Organizations are continuously evolving social systems that have specific DNA characteristics –similar to us as individuals – that collectively define their culture.
A number of cultural attributes are key to defining an organization’s DNA. “These factors can be external, such as industry trends, competitive dynamics, and customer expectations. Or they can be internal, such as organizational structure, employee reward mechanisms, and business performance management practices. As with other living social systems, there are constant interactions between all these factors, as the organizational system is being adjusted to achieve equilibrium within its external and internal operating environments,” says Sassan Hejazi, Director-in-Charge, Technology Solutions at Kreischer Miller.
Changes and trends in your industry have a direct impact on your organization’s well-being. We interviewed Hejazi for the October issue of Insights from Kreischer Miller about the importance of recognizing such technological trends in a timely manner to ensure you do not lose market share.
What steps can companies take to stay on top of the latest trends in their industry?
To stay competitive in the marketplace, companies should consider the following:
- Are your IT systems updated and well-positioned to take advantage of the latest opportunities in your industry? The term competitive dynamics refers to understanding your competitors and defining your organization’s approach towards existing and potential players in the market. Some organizations aim to leverage innovation to achieve or maintain market leadership while others are more risk averse and content to be a follower.
- Are your information systems providing you with competitive capabilities to introduce new products and services? Customer expectations play a key role in defining the nature of your products and services. Organizations that can anticipate trends and satisfy customer needs in the most effective manner will be able to grow and prosper at higher rates as compared to their peers.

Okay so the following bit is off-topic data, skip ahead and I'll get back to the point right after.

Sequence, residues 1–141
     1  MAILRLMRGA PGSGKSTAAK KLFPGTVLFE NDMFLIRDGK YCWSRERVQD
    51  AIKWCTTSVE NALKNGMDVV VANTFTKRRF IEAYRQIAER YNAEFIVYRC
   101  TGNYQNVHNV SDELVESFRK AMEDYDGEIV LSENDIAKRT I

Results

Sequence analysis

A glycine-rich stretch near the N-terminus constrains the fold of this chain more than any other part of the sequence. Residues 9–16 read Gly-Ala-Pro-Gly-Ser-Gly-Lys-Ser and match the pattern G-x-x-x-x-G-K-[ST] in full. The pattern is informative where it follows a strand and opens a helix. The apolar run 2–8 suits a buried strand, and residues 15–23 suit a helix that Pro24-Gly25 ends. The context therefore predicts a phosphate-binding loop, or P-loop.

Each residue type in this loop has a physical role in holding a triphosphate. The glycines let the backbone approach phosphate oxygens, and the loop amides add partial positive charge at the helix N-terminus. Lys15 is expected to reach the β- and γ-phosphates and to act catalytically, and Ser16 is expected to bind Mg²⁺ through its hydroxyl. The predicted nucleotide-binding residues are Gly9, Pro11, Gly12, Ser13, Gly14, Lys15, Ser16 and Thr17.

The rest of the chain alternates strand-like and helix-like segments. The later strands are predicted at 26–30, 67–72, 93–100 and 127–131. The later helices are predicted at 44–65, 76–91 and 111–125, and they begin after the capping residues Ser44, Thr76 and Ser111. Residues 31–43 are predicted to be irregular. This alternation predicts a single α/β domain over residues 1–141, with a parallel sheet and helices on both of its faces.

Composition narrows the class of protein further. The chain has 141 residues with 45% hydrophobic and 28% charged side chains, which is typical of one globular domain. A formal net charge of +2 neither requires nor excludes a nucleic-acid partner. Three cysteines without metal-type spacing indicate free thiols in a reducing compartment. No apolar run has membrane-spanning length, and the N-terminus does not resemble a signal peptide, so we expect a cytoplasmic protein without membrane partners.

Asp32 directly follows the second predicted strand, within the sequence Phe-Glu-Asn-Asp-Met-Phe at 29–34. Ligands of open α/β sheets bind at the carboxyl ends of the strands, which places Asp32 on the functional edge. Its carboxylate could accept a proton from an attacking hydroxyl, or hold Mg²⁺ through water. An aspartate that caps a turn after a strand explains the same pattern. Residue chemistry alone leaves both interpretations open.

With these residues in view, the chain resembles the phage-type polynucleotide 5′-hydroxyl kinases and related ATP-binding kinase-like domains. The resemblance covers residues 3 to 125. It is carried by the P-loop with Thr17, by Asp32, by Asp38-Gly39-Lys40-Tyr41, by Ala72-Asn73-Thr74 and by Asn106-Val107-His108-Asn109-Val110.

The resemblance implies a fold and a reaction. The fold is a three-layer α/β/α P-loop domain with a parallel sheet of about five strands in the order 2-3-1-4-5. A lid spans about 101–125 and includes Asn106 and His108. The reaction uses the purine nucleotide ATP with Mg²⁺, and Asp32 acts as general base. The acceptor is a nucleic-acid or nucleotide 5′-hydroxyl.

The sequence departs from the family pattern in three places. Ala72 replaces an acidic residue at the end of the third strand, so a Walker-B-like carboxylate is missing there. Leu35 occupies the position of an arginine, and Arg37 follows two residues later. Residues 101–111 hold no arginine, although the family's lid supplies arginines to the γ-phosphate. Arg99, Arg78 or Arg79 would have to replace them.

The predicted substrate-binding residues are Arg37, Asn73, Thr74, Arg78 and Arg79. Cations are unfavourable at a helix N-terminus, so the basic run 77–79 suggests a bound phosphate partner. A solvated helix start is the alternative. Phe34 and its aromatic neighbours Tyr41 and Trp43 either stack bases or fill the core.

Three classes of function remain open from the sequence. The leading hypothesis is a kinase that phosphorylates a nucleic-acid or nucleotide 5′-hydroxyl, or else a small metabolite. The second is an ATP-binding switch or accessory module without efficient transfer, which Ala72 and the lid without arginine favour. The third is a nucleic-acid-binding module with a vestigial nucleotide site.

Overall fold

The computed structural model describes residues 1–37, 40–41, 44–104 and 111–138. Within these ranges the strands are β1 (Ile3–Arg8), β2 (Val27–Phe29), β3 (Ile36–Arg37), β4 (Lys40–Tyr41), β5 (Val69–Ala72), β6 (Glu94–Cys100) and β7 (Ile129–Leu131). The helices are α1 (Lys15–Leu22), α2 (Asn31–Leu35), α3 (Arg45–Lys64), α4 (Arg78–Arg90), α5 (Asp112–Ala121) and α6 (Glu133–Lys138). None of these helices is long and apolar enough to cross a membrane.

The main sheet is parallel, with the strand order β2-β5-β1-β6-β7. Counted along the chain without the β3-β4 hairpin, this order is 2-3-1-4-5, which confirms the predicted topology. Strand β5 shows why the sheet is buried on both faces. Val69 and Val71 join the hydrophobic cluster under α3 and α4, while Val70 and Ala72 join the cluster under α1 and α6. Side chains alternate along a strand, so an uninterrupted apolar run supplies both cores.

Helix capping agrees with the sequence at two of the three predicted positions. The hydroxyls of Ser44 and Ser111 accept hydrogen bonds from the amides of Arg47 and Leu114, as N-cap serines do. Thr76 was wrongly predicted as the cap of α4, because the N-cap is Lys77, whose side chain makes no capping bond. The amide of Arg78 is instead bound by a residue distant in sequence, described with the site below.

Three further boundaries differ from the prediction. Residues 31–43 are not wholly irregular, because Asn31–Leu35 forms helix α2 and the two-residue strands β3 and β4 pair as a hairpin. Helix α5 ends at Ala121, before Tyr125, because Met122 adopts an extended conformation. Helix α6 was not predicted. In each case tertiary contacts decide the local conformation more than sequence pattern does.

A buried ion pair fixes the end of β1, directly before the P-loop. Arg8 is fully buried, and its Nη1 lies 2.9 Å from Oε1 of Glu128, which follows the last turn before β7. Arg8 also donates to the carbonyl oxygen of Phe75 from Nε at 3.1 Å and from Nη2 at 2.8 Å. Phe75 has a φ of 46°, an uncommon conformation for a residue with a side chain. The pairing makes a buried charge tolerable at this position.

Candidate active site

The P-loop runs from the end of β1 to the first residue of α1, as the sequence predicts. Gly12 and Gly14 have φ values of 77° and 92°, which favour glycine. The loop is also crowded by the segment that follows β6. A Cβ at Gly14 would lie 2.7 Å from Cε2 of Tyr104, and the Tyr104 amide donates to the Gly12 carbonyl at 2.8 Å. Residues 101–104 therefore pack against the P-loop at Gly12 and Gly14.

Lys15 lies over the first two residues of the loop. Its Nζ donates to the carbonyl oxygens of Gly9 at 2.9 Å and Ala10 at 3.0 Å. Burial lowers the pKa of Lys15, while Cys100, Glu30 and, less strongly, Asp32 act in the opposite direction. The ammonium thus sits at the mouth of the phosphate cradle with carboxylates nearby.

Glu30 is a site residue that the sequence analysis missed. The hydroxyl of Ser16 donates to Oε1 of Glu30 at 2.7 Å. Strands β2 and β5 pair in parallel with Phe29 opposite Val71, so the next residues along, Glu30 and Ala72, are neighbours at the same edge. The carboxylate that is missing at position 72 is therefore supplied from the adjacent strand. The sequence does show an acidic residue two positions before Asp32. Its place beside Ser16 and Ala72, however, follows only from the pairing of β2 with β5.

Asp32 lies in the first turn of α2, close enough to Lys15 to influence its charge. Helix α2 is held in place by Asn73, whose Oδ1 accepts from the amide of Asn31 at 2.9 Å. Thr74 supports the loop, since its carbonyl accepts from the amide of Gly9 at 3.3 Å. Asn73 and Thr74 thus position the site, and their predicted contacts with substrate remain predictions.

It’s key for your information systems to capture market and customer data and provide ease of analysis. This will enable you to better predict upcoming trends.
Organizational structure and hierarchy define how many managerial layers are involved in the decision-making process and how such decisions are being made. Flatter, more entrepreneurial and less bureaucratic structures tend to make faster and more responsive decisions since managers do not have to go through a chain of command.
How can organizations ensure their systems are optimizing the work process and employee performance?
Providing your managers with an updated view of issues and information such as management dashboards will assist them with making decisions faster and more independently. Reward mechanisms define motivations in making decisions that have a direct impact on the nature of the decisions being made. Organizations that reward experimentation and innovation, and have a culture of accepting failures and lessons learned, enable their managers to take on more risks while others might be more comfortable in maintaining status quo.
Additionally, consider whether your systems are providing capabilities to
managers who would like to experiment with new ideas but need the IT support mechanisms in place to help them succeed. Business performance management practices apply to the use of automation to achieve efficiencies, resulting in eliminating non-value activities while increasing productivity and quality levels. Organizations that are performance-oriented leverage self-service and hyper automation concepts to achieve operational consistencies.
It’s important to make sure your IT systems are up-to-date and leveraging emerging technologies such as robotic process automation and artificial intelligence capabilities to achieve process efficiencies. Given the increased acceleration of changes taking place across industries coupled with a new wave of IT innovations and capabilities becoming available to middle market organizations, it is a good time to take a step back and evaluate your organization’s IT DNA characteristics to see what strategic changes could be made to position you for maximum success.
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